Guinness is the most valuable Irish brand and Baileys the most recognisable across the world

Across the world people raise a glass of Guinness, Ireland's most valuable brand, the survey said. Photo: Adrian Wyld

Sarah Collins

Guinness is Ireland’s most valuable brand, according to a study by marketing consultancy Brand Finance, while Bailey’s is the country’s most recognisable export.

Guinness, which saw massive sales growth of more than 30pc this year thanks to increasing post-pandemic demand, is now worth €2.4bn, according to the study.

Baileys, which the study says is worth €1.2bn, scored highest on familiarity of any spirit brand in the UK, with almost 90pc of people surveyed recognising it.

“With the world firmly facing a post-pandemic future, Irish brands are at the heart of celebrations across the world,” said Declan Ahern, director of Brand Finance.

“Across the world, people celebrating events from the end of a work week, to the start of a marriage, raise glasses of Guinness or Baileys. These Irish brands are front-and-centre of people’s lives across the world, spreading a little Irish cheer and love globally.”

After Guinness, the most valuable Irish brands were low-cost carrier Ryanair (worth €2.3bn), fashion retailer Penneys (€2.1bn) and packaging giant Smurfit Kappa (€1.9bn).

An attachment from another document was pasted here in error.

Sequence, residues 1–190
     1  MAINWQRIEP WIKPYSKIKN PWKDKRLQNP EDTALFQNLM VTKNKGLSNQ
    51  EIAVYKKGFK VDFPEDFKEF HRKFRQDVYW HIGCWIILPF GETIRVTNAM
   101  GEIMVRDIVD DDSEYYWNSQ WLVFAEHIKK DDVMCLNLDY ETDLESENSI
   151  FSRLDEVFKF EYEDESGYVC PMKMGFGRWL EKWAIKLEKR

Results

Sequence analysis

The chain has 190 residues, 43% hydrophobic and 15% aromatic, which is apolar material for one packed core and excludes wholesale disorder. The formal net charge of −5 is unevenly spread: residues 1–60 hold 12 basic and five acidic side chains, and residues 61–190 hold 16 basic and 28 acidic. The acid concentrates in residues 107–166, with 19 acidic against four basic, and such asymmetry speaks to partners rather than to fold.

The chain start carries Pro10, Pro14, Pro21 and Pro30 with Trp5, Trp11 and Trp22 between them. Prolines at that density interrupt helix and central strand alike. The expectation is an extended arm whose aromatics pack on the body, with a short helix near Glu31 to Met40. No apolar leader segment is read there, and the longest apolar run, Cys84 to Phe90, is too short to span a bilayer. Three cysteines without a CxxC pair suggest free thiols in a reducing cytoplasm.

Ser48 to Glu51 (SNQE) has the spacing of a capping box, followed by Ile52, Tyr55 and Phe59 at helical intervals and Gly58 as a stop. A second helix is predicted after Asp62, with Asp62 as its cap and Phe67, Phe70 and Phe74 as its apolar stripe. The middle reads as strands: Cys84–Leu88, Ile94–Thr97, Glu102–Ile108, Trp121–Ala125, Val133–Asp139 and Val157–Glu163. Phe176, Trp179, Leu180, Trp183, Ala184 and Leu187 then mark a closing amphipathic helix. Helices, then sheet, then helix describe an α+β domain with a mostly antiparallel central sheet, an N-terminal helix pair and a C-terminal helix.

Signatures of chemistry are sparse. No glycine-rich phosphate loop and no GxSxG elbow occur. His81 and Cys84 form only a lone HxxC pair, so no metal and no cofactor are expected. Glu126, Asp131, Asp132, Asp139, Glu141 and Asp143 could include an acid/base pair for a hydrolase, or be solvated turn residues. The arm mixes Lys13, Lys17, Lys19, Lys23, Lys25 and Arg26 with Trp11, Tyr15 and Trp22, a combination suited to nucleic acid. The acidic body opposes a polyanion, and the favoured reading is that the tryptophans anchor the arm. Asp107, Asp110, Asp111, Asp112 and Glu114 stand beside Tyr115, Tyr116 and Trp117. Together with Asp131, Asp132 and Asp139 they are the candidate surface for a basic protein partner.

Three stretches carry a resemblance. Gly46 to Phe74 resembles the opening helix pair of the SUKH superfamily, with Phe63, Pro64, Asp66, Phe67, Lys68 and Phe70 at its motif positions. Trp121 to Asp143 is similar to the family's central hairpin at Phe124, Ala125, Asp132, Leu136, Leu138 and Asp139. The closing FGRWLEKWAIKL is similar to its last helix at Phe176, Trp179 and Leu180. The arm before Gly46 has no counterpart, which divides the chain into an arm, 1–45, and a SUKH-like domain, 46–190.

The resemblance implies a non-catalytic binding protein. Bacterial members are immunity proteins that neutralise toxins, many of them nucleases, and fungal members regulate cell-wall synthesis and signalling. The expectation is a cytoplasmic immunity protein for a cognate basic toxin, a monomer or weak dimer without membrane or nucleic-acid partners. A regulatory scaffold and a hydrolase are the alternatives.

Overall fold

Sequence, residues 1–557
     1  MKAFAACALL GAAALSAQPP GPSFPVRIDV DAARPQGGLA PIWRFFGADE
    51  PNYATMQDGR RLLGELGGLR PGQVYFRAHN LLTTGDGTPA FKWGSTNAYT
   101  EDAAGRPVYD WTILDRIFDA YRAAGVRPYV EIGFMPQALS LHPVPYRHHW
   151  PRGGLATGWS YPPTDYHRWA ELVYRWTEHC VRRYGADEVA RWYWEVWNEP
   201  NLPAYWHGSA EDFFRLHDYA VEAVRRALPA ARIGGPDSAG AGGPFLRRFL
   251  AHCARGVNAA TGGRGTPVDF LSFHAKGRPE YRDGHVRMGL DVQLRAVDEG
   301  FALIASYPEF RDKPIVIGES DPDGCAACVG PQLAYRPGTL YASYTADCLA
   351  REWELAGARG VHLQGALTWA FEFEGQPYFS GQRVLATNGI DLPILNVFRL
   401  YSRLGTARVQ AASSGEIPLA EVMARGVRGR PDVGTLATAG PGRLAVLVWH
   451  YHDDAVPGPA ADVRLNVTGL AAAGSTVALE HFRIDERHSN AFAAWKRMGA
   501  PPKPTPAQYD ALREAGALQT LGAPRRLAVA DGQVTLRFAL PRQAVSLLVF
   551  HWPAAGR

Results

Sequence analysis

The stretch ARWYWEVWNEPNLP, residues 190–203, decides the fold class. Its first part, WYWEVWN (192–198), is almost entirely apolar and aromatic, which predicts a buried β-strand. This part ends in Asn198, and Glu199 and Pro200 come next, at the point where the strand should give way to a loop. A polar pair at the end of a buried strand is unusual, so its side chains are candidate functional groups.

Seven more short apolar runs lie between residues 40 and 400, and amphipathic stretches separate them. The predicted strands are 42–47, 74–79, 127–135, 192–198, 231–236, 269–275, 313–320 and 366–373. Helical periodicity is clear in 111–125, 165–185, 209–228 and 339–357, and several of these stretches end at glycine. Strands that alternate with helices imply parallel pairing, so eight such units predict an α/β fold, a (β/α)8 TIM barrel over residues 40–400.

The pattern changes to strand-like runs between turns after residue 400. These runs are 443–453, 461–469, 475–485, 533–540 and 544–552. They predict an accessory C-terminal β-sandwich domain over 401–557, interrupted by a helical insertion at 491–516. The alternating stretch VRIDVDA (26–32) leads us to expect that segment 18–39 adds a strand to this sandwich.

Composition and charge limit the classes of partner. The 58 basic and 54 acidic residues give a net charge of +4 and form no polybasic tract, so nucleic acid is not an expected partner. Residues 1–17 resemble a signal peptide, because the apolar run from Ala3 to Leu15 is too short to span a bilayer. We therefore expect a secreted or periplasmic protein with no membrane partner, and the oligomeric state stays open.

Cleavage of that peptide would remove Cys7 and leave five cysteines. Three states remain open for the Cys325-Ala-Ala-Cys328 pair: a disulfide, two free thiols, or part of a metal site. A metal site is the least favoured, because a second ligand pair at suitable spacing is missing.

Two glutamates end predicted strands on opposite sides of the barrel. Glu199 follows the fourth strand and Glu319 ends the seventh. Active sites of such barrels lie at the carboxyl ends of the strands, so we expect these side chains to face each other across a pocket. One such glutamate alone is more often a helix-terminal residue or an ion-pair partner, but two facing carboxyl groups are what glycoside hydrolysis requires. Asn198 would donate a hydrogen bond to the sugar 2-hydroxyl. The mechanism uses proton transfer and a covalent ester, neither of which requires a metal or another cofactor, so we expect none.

Irish-American automotive tech firm Aptiv, Bank of Ireland, insulation maker Kingspan, Baileys, Allied Irish Bank (AIB) and whiskey maker Jameson rounded out the top 10.

In terms of brand strength, Baileys was followed in second place by Guinness.

Penneys, gambling firm Paddy Power and Jameson also featured in the top 10 strongest brands, as did food group Glanbia’s Optimum Nutrition, rasher maker Denny, construction materials giant CRH and Kerry foods.

Several Irish-listed companies, including Glanbia, Kerry and CRH, have recently announced record sales and earnings, despite post-pandemic supply issues and soaring costs.

Brand Finance surveyed 5,000 of the world’s biggest brands, ranking the top 25 most valuable and strongest in Ireland.